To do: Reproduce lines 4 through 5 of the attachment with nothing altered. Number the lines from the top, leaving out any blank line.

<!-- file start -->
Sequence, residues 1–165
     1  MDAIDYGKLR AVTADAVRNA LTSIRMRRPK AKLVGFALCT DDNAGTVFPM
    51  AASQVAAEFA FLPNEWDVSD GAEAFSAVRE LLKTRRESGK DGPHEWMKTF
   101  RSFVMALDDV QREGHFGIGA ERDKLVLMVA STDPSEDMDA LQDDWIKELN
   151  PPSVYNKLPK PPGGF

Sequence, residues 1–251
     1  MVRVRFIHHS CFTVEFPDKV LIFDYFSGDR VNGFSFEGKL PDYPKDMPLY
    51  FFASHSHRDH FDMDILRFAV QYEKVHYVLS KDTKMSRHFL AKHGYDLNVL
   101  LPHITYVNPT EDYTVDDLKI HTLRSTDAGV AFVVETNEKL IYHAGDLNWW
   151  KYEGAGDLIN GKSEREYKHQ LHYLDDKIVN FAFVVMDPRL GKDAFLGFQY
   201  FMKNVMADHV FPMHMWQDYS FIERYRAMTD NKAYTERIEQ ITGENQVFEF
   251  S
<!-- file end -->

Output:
   101  RSFVMALDDV QREGHFGIGA ERDKLVLMVA STDPSEDMDA LQDDWIKELN
   151  PPSVYNKLPK PPGGF